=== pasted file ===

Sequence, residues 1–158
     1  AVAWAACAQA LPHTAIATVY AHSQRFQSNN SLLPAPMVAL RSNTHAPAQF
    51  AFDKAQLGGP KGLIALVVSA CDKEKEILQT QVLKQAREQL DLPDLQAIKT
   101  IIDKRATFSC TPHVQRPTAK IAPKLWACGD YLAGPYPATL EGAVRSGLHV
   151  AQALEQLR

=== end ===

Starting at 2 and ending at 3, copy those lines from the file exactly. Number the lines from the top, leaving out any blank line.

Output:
     1  AVAWAACAQA LPHTAIATVY AHSQRFQSNN SLLPAPMVAL RSNTHAPAQF
    51  AFDKAQLGGP KGLIALVVSA CDKEKEILQT QVLKQAREQL DLPDLQAIKT